Viral meningitis is a form of meningitis that is generally caused by a viral infection. Meningitis is considered to be inflammation of the membranes which cover the brain and spinal cord to protect them. The inflammation is caused by infections that maybe due to bacteria, viruses, microorganisms, and certain types of drugs. It can be life threatening if the individual is not able to get proper treatment or if they do not receive treatment in time in order to reverse the effects of the condition and fight off the infection itself. Since the inflammation is very close to the brain and the spinal cord, it can cause very serious permanent damage. As a result, meningitis is considered to be a medical emergency in most cases.
The common symptoms that are associated with meningitis are considered to be a stiffness in the neck, headache, fever, confusion, different consciousness, inability to deal with loud noises, inability to deal with light, and vomiting. Children are known to have other symptoms, such as drowsiness, irritability, and rashes. This can be difficult because these are symptoms which are less specific to meningitis itself.
Doctors may use a lumbar puncture to help diagnose whether or not an individual has meningitis. This requires that a needle would be inserted in the spinal canal in order to get a sample of fluid which is known for enveloping the spinal cord and the brain. The fluid is examined by a laboratory which excludes or determines if the individual has meningitis. Those who have acute meningitis will be given antibiotics and antiviral drugs. Sometimes the doctor may suggest that the individual who is affected should receive treatment at a hospital to ensure that they receive proper monitoring of their condition since the infection can be life threatening. If meningitis is not treated correctly, it can lead to many life-long consequences and effects. These can include epilepsy, deafness, hydrocephalus, cognitive deficits, and many other negative consequences. However, it is possible that some types of meningitis can be prevented if individuals are willing to be vaccinated.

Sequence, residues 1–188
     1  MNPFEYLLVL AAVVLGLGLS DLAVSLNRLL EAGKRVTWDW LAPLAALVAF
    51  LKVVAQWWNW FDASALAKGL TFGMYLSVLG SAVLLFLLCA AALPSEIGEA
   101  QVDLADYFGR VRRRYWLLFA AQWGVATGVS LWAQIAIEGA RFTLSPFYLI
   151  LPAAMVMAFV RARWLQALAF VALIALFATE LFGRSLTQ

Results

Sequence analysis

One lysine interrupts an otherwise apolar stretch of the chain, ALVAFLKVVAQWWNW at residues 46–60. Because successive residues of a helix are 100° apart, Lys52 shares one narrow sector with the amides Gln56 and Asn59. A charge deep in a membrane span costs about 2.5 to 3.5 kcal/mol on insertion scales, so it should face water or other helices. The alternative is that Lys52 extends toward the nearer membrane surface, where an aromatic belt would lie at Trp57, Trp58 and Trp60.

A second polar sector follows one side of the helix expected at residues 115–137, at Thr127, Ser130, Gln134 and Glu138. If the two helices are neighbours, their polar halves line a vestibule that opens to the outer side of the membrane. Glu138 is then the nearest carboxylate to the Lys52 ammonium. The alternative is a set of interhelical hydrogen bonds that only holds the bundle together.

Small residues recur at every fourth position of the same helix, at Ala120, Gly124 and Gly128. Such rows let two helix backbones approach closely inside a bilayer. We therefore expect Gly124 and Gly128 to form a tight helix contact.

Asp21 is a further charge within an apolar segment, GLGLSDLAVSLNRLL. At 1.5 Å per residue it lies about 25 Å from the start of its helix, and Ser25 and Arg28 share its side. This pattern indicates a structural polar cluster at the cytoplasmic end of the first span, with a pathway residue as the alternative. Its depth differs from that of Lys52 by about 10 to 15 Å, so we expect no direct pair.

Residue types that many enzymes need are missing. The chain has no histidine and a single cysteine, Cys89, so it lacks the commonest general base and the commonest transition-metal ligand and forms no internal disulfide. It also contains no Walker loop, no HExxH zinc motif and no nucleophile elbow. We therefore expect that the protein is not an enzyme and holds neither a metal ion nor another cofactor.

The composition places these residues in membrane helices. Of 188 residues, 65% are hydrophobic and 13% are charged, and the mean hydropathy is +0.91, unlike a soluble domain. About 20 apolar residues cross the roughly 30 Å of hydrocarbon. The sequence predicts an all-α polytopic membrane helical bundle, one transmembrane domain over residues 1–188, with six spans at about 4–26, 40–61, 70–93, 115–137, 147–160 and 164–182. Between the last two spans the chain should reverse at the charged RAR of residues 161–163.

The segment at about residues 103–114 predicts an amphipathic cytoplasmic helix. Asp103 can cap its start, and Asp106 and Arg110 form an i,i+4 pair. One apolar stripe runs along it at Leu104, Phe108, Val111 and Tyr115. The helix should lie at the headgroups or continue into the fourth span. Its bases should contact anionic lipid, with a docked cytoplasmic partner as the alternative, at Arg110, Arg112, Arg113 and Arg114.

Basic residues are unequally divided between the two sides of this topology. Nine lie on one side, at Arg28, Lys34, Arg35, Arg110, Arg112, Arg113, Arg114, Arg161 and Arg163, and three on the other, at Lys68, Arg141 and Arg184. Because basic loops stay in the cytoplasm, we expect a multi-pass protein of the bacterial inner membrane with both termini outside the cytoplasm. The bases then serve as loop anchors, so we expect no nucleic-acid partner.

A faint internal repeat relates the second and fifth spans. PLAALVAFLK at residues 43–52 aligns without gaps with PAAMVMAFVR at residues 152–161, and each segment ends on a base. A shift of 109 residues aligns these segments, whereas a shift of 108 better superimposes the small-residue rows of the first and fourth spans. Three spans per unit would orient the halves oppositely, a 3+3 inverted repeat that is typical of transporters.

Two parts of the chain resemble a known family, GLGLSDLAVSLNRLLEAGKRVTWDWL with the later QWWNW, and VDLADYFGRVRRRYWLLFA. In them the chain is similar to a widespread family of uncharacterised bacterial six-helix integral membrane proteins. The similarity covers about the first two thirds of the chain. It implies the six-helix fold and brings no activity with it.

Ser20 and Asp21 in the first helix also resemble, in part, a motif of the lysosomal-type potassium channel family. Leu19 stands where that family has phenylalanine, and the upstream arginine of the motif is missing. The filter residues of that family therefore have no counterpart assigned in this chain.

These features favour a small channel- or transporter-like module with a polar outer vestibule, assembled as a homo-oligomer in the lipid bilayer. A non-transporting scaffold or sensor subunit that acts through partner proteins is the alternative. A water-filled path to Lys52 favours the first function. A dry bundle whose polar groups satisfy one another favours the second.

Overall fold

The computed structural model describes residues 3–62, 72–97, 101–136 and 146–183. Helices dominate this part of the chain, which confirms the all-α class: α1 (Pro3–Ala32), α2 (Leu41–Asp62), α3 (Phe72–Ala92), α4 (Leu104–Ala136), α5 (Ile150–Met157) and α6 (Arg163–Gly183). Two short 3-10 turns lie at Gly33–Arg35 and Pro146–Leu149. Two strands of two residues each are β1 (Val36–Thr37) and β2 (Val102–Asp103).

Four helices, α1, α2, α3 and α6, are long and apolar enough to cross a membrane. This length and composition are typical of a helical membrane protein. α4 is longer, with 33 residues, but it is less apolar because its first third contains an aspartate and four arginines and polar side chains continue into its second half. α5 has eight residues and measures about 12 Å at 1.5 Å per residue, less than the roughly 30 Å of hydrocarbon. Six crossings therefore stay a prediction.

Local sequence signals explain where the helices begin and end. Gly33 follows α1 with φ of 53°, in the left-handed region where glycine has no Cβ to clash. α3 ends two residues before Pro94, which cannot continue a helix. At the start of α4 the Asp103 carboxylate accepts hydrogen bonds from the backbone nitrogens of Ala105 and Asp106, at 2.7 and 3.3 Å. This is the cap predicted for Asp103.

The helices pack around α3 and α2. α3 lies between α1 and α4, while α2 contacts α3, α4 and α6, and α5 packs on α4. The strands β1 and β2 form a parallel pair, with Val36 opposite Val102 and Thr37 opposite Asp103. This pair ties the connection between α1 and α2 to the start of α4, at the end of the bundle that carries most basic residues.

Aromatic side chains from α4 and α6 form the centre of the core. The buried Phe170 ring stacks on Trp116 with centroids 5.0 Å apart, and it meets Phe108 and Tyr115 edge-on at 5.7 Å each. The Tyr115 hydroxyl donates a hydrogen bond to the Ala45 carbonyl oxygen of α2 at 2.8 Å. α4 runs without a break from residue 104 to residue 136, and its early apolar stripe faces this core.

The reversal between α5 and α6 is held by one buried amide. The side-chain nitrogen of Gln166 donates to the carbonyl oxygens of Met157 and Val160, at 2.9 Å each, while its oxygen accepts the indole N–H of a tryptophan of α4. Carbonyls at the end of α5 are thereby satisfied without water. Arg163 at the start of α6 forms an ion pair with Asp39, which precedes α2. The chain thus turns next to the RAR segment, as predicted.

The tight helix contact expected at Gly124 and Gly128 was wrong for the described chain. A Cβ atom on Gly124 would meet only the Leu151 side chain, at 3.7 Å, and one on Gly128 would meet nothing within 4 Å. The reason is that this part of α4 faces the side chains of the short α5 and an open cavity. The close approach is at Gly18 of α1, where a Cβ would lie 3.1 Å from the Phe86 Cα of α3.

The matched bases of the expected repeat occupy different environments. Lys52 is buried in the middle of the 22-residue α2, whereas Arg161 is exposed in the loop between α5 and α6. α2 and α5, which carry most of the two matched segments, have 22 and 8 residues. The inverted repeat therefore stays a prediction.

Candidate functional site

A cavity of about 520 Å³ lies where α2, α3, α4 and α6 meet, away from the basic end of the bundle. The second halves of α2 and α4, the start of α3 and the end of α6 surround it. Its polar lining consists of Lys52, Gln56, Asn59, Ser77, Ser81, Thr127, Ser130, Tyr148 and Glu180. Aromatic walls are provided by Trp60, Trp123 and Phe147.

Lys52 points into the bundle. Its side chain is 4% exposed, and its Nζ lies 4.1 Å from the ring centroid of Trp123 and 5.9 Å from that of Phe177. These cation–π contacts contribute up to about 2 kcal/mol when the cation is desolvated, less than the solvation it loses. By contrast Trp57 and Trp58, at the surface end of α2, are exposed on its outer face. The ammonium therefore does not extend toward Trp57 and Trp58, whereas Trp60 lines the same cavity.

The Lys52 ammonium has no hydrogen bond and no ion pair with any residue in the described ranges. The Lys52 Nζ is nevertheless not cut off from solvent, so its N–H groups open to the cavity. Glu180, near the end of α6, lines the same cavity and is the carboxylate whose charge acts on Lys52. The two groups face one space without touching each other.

Viral and bacterial meningitis can be prevented because they are essential contagious. Neither of these conditions are considered to be as contagious as the common cold or the flu, which proves that it is possible to prevent other people from gaining infection based on contact. These are conditions which can be transmitted between people from kissing, coughing, sneezing, and other forms of contact where respiratory secretions would be likely. As a result, proper hygiene is important when trying to prevent meningitis.